The Telegraph
Tuesday , September 25 , 2012
Since 1st March, 1999
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The highway men

- Rural brothers guide trucks, earn well

Not exactly Raju Guide, Dev Anand’s role of a lifetime where a travel guide ends up showing his own self the way to salvation. But brothers Umesh and Shailesh Mishra of Neori village near Ranchi, can show many city-bred youths the way to off-the- beaten-track success.

Each earns Rs 20,000 in a place where a family earning Rs 10,000 a month is considered affluent. And they are only in their early twenties.

Umesh, a graduate, and Shailesh, who studied till intermediate, knew they didn’t have too many career options. They could have tried their luck in some government job exam, farmed or taken up an ill-paying sales job. That’s the entire gamut of careers that Neori, 12 km from the state capital, offers.

Umesh and Shailesh chose to think out of the box. They realised that Neori, close to the capital and the NH-33 stretch of Hazaribagh and Ranchi Road, had a unique advantage. Everyday, hordes of trucks, buses and four-wheelers crossed the stretch, stopping on the way and asking passers-by for directions. The brothers decided that they would step in to give drivers that guidance instead.

The duo opened Guide Ka Dukan with their father Madhao Mishra’s help two years ago and never looked back.

“Business is good by god’s grace,” said 24-year-old Shailesh, elder than Umesh by two years. “Our Guide Ka Dukan kiosk on NH-33 near Vikas Vidyalaya is a well-known landmark for drivers and truckers. We get 12-15 clients a day. We’ve also put up a placard on our shop with our numbers,” he added.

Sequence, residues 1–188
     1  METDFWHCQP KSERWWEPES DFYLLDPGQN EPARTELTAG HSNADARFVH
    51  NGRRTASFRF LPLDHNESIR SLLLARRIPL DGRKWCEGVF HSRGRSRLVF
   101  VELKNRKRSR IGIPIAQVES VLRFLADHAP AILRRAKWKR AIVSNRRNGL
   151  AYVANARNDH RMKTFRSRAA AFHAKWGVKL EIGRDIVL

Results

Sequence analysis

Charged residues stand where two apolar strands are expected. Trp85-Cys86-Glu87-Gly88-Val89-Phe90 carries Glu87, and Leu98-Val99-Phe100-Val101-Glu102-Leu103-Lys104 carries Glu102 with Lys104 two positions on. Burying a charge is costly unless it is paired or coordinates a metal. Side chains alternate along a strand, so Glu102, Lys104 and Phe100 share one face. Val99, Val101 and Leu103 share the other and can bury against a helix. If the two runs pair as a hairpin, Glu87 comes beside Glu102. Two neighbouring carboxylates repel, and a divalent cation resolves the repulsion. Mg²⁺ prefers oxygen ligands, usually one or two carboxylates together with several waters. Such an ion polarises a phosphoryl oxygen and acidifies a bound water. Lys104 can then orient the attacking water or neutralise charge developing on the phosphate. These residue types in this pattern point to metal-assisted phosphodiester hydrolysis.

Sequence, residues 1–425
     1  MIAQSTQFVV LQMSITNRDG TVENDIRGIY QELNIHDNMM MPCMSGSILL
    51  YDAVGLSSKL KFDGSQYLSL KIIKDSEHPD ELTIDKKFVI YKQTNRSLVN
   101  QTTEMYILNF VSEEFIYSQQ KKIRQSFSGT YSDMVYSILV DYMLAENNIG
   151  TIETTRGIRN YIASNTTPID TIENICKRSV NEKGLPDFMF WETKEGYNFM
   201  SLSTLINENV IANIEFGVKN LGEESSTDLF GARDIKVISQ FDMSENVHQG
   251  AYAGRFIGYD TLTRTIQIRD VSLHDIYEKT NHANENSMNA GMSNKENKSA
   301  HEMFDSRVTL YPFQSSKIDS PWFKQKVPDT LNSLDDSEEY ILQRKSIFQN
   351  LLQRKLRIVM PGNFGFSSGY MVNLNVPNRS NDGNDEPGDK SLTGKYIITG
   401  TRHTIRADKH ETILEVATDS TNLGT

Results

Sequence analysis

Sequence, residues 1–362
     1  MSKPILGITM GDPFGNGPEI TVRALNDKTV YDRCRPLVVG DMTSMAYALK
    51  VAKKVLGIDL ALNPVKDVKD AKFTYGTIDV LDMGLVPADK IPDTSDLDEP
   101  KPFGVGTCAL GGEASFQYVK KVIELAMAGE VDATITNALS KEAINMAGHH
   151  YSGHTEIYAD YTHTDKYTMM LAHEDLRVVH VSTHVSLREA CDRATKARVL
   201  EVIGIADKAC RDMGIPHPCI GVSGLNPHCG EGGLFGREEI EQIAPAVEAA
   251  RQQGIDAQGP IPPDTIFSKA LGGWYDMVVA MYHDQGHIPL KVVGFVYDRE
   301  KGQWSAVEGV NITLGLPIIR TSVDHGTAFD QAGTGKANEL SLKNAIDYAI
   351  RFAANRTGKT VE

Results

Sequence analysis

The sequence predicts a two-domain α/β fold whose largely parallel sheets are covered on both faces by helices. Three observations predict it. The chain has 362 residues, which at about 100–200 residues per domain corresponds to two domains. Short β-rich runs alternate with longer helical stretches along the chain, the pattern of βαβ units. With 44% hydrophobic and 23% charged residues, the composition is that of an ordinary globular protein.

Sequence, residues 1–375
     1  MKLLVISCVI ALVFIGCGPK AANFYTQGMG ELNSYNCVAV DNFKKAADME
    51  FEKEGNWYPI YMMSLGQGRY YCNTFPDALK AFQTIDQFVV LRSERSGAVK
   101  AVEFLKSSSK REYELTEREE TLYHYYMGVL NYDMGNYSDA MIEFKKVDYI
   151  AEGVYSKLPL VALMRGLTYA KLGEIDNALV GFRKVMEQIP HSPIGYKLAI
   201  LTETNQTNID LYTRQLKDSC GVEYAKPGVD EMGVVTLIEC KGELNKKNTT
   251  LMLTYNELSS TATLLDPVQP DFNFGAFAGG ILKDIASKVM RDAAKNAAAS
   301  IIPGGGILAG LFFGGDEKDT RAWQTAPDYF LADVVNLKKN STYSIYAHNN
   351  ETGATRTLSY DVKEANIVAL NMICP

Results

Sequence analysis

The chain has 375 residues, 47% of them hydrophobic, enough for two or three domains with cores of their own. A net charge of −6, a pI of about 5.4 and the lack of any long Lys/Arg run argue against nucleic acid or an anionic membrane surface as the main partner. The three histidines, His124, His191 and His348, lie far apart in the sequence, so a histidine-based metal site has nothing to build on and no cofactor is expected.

Umesh explained why. “Many trucks come to Ranchi via the highway from Haryana, Punjab, Uttar Pradesh, Delhi, carrying consumer goods and household utilities. When they see our placard, they know where to get the correct directions.” The duo have also given over 10,000 visiting cards to truckers.

“We know the godowns of different firms and roads of the state capital. If truckers go unaided, they face difficulties. They prefer to hire our services, reach their destinations on time, unload their goods and get out of the city before no-entry time,” said Shailesh.

Truckers have to hurry, because no-entry lasts from 9am to 9pm. Trucks with consumer goods are allowed to enter Ranchi only from 9pm to 9am. If truckers don’t finish tasks in time, they have to wait for the next day, which drains money and time.

Small wonder that Umesh and Shailesh are indispensable ready reckoners for truckers. Tourists, though in much fewer numbers, also ask for directions.

“We haven’t kept a fixed charge. We depend on our clients’ goodwill. But no one pays us less than Rs 300-400,” smiled Umesh.